“Sort of.” Tony is holding a towel in one hand, probably the one he used to dry off with. “I was afraid you’d have gone to bed already.”
“Got your text that you were on your way home. Decided to wait for you.” Steve slid his hand under Tony’s jacket and pressed his palm flat against Tony’s back. “You’re cold through.”
Tony smiles down at him and runs his fingers over Steve’s cheek. “Want to turn in? You can warm me up.”
“I like warming you up,” Steve said.
Tony kissed the top of his head. “Finish your soup. I’m gonna make us some cocoa to take to bed. Here.” He plopped the towel down in Steve’s lap and that was when Steve realized there was something alive wrapped up in it.
“Who’s this?” Steve hastily cupped his hands around the little kitten as she wriggled her way out of the folds of the towel. She was a light gray tiger with vivid teal eyes and she was too small to have been put up for adoption. He carefully lifted her out of the towel and saw that there was a small heating pad wrapped up in there with her.
“She’s ours now,” Tony said. He was very carefully not looking at Steve as he poured milk into a saucepan. “Or she’s mine, anyway. Someone left her out in the cold and then the doc at the vet said that the shelters won’t adopt animals over Christmas to prevent people from giving them as gifts so she’d just sit there till next year and it’s not like I can’t afford some vaccinations and a few toys so so I figured what the hell. It’s probably dumb, I’m never home and - and someone’s probably allergic to cats but it’s a big house so - I don’t think she’ll get in the way and Dani would probably like to play with her so-”
Steve bundled the kitten up in the crook of his arm and walked over to stand behind Tony. “She’s ours, huh?” he said, letting the rest of Tony’s nervous ramble wash over him. “That’s a big step, getting a pet together.”
Tony shrugged. “Well I figured we already have like, a dozen super-powered kids, so what the hell.”
Steve kissed the back of his neck. “I like big steps. I like hearing you say the word “ours” even more.” He leaned against the counter so he could see Tony’s face. The kitten mewled and wriggled under his arm, trying to climb down his shirt. Steve scooped her up and held her against his chest. “What’s her name?”
Tony was blushing, a light pink flush that made Steve want to kiss him breathless. “I thought we should pick that out together, you know?”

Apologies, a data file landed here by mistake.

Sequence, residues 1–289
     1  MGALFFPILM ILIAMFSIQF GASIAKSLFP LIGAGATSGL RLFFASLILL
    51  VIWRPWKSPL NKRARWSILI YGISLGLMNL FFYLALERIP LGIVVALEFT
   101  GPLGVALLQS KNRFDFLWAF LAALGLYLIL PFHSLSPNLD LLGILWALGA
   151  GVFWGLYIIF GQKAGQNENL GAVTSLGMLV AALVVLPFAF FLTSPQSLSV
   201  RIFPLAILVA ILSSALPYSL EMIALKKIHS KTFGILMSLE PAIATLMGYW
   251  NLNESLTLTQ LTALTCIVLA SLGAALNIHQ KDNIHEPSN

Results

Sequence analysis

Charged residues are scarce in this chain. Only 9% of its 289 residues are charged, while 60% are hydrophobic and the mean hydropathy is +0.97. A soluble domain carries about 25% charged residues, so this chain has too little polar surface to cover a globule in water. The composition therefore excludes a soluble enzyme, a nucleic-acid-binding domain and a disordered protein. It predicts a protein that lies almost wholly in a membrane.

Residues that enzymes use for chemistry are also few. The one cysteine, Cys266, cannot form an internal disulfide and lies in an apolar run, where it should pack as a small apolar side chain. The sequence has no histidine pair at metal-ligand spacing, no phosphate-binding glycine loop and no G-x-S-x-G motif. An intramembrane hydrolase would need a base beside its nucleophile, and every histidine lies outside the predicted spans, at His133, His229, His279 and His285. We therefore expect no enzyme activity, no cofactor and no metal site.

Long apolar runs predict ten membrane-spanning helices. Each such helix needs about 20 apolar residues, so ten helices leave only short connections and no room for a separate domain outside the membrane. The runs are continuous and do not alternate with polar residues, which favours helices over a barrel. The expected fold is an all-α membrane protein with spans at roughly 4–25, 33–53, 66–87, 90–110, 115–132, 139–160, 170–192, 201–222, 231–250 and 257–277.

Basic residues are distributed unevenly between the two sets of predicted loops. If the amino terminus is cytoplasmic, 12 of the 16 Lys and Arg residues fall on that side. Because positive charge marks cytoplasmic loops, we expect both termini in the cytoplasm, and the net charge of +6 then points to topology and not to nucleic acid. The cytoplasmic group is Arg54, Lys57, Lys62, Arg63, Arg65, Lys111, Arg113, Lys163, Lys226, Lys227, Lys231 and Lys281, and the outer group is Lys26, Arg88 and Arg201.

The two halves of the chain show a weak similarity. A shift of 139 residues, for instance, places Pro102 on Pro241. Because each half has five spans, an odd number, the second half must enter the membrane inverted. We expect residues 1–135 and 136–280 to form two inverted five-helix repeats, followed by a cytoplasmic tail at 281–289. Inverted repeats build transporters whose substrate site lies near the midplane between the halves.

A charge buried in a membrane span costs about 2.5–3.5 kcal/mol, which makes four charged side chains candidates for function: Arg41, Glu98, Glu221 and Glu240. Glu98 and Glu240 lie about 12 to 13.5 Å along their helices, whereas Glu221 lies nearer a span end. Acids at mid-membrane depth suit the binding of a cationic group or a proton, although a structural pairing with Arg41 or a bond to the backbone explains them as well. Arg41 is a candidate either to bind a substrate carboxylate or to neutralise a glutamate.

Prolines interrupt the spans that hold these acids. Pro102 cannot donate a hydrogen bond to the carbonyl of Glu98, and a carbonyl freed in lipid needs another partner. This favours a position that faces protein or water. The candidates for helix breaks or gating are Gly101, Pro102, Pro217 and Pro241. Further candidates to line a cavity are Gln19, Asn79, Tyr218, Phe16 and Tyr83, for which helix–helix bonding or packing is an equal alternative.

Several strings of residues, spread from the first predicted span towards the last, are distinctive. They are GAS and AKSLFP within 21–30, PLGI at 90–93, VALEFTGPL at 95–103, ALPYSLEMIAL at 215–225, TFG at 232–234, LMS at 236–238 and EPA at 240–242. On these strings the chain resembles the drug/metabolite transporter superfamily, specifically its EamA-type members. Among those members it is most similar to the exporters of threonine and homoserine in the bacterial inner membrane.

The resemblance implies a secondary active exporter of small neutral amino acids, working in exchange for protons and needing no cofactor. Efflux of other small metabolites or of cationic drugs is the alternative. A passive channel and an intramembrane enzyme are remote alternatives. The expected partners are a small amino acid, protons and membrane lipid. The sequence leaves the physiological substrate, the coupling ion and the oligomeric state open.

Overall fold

“Like a kid,” Steve says, just to watch the way Tony’s blush deepens.
“You’re just teasing me now,” Tony says without heat. He stirs the chocolate and vanilla extract into the milk and the whole kitchen smells sweet and warm and comfortable.
“A little.” Steve tickles the kitten’s belly and she bats at his fingers hesitantly, as if to see what they’ll do next. “Antonia.”
“No. Asshole.” Tony pours the cocoa into two mugs. “Sarah.”
“Maybe. But if we ever have a daughter I’d like to give her my mother’s name and it might be hard to explain that we named her after a cat.” Steve watches the way Tony’s hands shake, once, before he steadies himself. “Fluffy? Whiskers?”
Tony pulls a face. “Oh, no. No. We can do better than that.”
Steve grabs his soup bowl and drinks the rest of the broth in a couple quick swallows, then drops the bowl in the sink for later. “Come to bed. I’ll warm you up and we can brainstorm something better for our girl.”
Tony pauses in the doorway, his suit rumpled and his hair disheveled, and smiles back at Steve with soft fondness. “You know, I think I like it when you say “ours” too.”
“It’s nice, right?” Steve drops a kiss on his mouth. “Let’s go to our room and drink our cocoa and name our kitten and then we can make love in our bed.”
“We need to keep her warm,” Tony says. “Grab her heating pad will you? We can make her a little bed. I’ve got some food for her too, but the roads were too bad to get her a catbed or any toys, so we’ll have to get some when the weather cleans up. I was thinking we’d get one of those cat tree things too and maybe some of those robotic toys so she can amuse herself while we’re out on a mission. Oh, and the automatic water and food bowls - Jarvis will feed her when we’re gone but better safe than sorry, after all. And I may have already bought her a bunch of different collars and sweaters off Amazon on my way home.”
“You are going to be one spoiled princess,” Steve tells the cat as he follows Tony down the hall.
“Yeah, but she’s our Princess,” Tony says, and Steve has to kiss him again as they wait for the elevator.